US and UK start humanitarian missions in Libya
Meanwhile, the UN is warning of a humanitarian crisis as thousands of Libyans flee across the border to Tunisia. The UN says at least 180,000 people have fled Libya so far, with about 75,000 of them arriving at the Tunisian border, most of them foreign laborers. Refugees are being housed, given water, food and medical supplies at the border points.
But the situation on the border is approaching a real humanitarian crisis as border guards are struggling to keep the situation under control.
Fights are continuing throughout Libya between rebel forces and troops loyal to Muammar Gaddafi, particularly in areas around country’s capitol Tripoli, where government forces are trying to retain control by creating and preserving a buffer zone around the leader’s stronghold.
There are increasing fears that the situation could deteriorate into civil war.
The international community has condemned the harsh methods used to crackdown on the opposition.
The International Criminal Court has launched an investigation into the actions of Libyan leader Muammar Gaddafi and his top aides for alleged crimes against humanity.
And it is the first time the court has launched a probe into an ongoing event.
Still, the international community's hope that Gaddafi’s regime will fall any time soon may be a little premature. In his latest televised address, Muammar Gaddafi warned against international intervention. He said that thousands of Libyans would die to repel any kind of international forces on Libyan soil. He also said that he is only a symbol and the real power has always been in the hands of the people and that he does not have the authority to dissolve the government and implement any constitutional reforms.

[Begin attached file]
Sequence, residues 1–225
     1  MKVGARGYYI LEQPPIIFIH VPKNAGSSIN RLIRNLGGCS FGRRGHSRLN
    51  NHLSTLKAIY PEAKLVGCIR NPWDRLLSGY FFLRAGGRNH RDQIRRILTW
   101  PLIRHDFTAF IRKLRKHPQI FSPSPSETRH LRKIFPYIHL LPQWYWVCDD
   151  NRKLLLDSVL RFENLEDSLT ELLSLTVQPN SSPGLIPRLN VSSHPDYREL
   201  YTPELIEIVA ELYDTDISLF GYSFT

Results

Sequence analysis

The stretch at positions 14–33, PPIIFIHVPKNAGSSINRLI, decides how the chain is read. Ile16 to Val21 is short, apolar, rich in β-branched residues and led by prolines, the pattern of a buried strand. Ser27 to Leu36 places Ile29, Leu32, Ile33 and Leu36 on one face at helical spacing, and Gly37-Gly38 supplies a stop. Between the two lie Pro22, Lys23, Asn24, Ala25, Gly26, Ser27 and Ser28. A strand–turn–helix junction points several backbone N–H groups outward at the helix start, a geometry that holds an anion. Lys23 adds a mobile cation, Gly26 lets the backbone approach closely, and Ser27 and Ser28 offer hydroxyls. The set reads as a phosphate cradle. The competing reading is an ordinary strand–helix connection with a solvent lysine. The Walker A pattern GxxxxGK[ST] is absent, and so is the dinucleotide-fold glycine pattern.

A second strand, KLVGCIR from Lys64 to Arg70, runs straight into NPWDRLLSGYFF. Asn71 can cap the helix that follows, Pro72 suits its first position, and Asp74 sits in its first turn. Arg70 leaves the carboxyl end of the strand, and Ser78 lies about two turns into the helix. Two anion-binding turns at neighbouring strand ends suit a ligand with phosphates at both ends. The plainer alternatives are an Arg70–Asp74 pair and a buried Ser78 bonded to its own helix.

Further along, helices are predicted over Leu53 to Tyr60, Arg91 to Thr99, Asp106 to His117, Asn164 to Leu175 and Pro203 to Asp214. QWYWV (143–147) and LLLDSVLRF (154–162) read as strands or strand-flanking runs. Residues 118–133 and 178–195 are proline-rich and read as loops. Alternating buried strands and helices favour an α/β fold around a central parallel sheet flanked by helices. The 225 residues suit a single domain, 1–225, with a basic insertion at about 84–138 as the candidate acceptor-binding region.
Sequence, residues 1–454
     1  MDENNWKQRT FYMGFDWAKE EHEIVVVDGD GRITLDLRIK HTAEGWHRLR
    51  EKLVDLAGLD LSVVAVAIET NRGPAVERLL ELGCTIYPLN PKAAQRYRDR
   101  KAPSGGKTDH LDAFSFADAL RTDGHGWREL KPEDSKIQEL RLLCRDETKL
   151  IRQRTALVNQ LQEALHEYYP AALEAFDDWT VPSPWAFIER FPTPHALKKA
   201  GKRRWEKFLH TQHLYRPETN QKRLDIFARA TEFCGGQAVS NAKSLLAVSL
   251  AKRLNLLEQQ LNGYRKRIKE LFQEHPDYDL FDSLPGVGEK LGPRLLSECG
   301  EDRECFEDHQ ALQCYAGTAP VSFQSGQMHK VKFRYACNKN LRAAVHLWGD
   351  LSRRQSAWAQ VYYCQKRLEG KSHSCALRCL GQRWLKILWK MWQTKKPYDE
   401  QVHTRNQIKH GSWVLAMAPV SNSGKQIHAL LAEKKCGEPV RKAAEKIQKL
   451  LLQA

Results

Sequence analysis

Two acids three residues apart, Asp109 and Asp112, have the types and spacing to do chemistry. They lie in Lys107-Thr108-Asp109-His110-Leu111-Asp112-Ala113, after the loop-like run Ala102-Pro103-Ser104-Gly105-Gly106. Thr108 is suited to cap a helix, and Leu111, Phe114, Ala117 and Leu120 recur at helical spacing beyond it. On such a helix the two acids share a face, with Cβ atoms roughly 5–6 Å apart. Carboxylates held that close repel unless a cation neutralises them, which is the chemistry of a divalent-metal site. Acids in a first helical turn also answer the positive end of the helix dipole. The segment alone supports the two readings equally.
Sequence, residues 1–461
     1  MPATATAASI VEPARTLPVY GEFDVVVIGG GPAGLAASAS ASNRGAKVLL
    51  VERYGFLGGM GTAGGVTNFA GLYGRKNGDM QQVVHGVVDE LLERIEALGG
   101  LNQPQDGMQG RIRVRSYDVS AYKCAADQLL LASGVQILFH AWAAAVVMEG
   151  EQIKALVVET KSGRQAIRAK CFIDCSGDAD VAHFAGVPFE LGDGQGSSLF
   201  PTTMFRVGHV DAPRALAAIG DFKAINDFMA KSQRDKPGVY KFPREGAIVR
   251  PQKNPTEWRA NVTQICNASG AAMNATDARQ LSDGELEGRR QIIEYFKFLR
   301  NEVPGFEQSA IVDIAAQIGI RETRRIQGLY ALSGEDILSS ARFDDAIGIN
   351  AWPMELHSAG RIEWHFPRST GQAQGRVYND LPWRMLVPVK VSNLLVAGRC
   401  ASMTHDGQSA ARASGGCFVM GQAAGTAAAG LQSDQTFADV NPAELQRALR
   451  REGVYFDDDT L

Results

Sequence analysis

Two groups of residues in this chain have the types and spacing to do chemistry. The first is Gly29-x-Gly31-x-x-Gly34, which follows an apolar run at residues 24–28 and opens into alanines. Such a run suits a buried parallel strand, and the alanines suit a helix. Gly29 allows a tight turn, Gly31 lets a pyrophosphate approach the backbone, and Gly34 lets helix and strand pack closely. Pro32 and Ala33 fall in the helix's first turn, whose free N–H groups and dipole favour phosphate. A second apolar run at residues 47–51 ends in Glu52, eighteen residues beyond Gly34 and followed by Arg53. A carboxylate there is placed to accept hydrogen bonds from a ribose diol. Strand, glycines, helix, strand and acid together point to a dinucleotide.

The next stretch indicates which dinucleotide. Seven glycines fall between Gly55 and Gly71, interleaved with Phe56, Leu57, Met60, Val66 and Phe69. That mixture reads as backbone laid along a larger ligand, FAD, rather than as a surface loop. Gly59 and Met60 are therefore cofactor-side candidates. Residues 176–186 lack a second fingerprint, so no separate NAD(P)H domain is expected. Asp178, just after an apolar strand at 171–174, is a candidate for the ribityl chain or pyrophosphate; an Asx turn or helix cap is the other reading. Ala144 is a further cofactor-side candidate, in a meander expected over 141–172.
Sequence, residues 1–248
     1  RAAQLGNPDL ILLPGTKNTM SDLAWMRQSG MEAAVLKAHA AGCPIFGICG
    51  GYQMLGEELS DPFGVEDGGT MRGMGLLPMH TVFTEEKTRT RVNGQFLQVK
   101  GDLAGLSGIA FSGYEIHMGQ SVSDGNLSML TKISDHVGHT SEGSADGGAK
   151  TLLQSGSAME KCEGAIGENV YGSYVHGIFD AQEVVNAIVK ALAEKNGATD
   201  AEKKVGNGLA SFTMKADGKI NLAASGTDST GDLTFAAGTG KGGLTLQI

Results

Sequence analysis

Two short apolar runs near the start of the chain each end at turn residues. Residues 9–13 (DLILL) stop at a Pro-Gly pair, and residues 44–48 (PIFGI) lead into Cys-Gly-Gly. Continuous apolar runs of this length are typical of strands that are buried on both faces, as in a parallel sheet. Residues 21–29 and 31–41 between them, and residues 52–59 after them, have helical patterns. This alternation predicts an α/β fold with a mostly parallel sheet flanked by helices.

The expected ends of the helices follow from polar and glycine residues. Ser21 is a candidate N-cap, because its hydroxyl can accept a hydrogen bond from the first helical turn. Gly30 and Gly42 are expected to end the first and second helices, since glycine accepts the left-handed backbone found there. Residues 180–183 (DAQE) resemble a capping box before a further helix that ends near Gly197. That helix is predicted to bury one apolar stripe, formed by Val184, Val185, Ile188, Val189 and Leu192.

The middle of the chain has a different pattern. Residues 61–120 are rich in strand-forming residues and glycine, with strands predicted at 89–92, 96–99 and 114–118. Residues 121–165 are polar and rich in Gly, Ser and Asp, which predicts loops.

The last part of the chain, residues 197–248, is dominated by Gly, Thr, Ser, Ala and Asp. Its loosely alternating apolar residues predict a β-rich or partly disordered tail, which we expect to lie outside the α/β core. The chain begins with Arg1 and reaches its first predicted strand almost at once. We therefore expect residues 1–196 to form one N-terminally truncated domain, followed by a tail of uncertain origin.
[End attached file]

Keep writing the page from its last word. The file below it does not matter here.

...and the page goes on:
He also promised to fight to the last man to remain in power.
Meanwhile, the UN is discussing the idea of a no-flight zone over Libya proposed by British Prime Minister David Cameron. If Cameron goes ahead and commits himself to it, in essence Britain will be committing itself to shooting down any planes in Libyan airspace. The idea has been rejected by many members of the international community, including Russia. They say it is up to Libyans to determine their fate and the future of their country.
It is worth mentioning that British SAS forces have been in the Libyan town of Benghazi for nearly two weeks now to cover the withdrawal of foreigners from the rioting country, but now there are growing concerns these troops could be used for special operations on Libyan territory – like gaining control over the alleged chemical weapons Libya might possess. Earlier, London expressed concerns that Gaddafi’s regime may use such weapons against its own people.
The locals on the island of Cyprus say that they have seen unusual activity around the two British military bases located there. They say that a large number of planes have been landing, supposedly bringing military forces to the island to be held on standby.